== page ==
There are many creators that provide playlists for their comic works to give that feel for the scenes and added insight into where their mind was when they produced the page. It is quite an interesting concept but I have still felt a little disconnected from the book when playing songs whilst reading. This comic took things a little further and legitimately provided a beat through the writing, the art styles and specifically the colour. As Laura arrives at the door, we see the usual angry bouncer with dark surrounds, and Dionysus welcomes her. There is a dalliance of colour and enticement in this very panel as the God looks very relaxed, his speech bubble is purposely bright (as they all are) and the background starts to fade at his feet. Along with the cleverly titled YOL∞ (You only live forever) t-shirt, he beckons Laura to try something new, quite akin to a drug pusher especially with the phrase “Think “South American frog”. And then the song begins.
Whether you are naturally enchanted by the music or psychologically “high” on illicit substances there is a rhythm to feel and once you catch it, it carries you away into the night. This journey is gloriously represented by McKelvie and Wilson as Laura looks blankly forward waiting for it to happen.
The double page spread is just a sequence of repeated panels of her expression, it moves from anxiety, to pondering to surprise to confusion and then finally to blissful clarity. Each panel has a number that are the quarter notes of the beat and as the bass increases you can see Laura’s face reverberate. The colours and backgrounds are all quite unique as she moves through the range of emotions but there is a deliberate brightening of her mind as the darker colours become more light pastel. McKelvie is a master at capturing Laura’s feelings with the simplest of strokes and Wilson provides the backing track. And finally the music hits.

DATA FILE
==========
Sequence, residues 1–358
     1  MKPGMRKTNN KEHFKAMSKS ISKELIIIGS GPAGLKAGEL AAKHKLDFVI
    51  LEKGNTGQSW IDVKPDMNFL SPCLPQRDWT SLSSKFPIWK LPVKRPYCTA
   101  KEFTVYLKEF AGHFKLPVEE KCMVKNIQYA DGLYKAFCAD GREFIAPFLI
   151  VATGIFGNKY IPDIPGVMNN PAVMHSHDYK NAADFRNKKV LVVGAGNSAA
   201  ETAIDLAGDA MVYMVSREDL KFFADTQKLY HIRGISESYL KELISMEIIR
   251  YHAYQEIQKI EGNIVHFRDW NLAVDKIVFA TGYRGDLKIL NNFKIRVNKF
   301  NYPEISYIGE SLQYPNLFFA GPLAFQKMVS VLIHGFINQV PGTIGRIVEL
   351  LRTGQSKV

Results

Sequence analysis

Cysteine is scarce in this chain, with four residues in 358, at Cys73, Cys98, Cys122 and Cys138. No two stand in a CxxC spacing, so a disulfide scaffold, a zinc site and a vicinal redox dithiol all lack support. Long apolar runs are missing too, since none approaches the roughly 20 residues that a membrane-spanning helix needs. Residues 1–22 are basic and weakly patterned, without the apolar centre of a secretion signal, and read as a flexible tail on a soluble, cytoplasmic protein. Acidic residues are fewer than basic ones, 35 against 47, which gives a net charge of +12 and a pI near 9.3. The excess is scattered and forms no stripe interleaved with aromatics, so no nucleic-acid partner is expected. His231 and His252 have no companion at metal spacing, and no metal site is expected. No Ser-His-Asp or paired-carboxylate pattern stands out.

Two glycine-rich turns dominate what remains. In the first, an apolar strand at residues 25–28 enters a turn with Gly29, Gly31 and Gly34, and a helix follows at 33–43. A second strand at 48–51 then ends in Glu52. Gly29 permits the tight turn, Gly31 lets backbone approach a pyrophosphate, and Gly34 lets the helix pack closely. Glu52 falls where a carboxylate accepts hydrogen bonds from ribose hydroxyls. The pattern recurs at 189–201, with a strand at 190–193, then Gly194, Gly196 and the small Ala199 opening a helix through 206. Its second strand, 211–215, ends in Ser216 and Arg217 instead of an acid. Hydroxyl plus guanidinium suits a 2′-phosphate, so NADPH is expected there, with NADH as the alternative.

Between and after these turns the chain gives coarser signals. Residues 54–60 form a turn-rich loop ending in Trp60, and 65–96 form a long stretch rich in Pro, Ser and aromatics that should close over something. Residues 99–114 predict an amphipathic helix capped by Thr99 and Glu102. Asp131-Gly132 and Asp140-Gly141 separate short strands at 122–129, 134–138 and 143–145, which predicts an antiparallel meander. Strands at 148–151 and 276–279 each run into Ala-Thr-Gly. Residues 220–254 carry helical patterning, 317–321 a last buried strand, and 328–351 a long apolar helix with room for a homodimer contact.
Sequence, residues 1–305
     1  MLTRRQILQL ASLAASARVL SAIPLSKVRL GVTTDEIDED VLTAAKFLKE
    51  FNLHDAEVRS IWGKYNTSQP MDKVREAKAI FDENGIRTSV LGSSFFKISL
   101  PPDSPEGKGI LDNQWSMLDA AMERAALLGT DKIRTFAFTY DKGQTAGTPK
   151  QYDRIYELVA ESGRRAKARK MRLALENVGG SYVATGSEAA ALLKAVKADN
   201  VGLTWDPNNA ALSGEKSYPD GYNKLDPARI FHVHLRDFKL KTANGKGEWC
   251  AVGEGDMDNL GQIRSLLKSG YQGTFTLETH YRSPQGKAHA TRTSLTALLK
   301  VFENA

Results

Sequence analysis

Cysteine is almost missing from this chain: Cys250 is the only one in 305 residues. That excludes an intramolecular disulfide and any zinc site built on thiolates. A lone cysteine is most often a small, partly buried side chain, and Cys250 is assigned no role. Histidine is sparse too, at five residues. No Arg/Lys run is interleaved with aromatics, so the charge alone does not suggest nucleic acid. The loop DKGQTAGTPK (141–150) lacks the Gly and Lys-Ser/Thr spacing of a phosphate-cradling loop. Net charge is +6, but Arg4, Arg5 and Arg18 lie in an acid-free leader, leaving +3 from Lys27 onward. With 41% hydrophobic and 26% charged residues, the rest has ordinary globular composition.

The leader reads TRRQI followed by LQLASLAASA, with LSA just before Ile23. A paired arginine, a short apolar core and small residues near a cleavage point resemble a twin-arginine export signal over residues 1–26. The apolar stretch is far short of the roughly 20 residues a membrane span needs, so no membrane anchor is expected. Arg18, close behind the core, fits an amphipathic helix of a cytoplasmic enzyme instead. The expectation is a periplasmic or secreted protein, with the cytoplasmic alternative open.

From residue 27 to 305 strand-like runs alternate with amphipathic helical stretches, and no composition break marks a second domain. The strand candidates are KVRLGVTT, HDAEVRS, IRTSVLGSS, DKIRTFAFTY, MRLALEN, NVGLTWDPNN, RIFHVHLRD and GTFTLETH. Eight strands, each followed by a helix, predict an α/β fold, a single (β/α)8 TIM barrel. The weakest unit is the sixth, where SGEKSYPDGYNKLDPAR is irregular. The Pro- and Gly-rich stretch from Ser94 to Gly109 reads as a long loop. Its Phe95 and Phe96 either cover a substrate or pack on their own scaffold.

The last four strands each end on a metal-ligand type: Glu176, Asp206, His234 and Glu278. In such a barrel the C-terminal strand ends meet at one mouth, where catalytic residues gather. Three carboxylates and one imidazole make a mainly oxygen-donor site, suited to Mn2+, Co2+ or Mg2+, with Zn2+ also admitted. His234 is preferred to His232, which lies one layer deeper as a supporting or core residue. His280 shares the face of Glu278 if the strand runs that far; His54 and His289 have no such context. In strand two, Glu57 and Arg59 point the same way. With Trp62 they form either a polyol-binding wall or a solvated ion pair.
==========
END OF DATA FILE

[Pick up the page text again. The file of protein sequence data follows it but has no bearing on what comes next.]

The next sets of pages are all of a similar theme, eight panel pages with the alternating numbers one to four, maintaining the beat. Laura finally enters this dreamlike state and begins to dance to the music and then sees everyone else as she lets go of herself. These pages are almost hallucinatory in nature as everything is unreal, bright and crystal clear. McKelvie maybe able to keep his art beautifully simple but it is Wilson that provides the distinctness of conversations and God personas. Each page has a set tone and colour complement such as the story unfolds through a delightful surrealism. The combination of blues and greens, oranges and reds, purples and pinks are just so aesthetic. The double page spread which features the title of the book is a wide shot of the frenetic group dancing with Dionysus at the head. The dancers are almost awash with bright light and fade into the ether. They are defined by white lines and their movements tacked by whispers of white and yellow. The title of the comic aligns the rook and adds perspective and depth to the scene. The scene screams of ecstasy and exhilaration.
There is nothing quite like these pages except when you are out at night, dancing to music when the lights flicker and rotate around you. The feelings of euphoria pervade through but are balanced by the ever so real reasons why Laura is there in the first place. As she connects with the Gods and asks about the death of Lucifer, her high doesn’t wane until three days later and the music stops. The exit sequences are very similar to the opening scenes and are reminiscent of the exit of a great clubbing venture. The contrasting club highlights and drab darkened streets are where you truly appreciate the spectacular you have just witnessed and read. The pages are so bright that they dazzle and the numbers cause your head to nod unwillingly at your own reading pace, and when you come down and turn the last pages you feel desperate to go back in. Welcome to your fix and welcome to The Wicked + The Divine.
P.S. I thought of this post as soon as I read the book and I almost didn’t write it because @Avantgarde produced this spectacular homage to the book. It doesn’t so much summarise what I have been describing, but it is the feelings I have been writing about.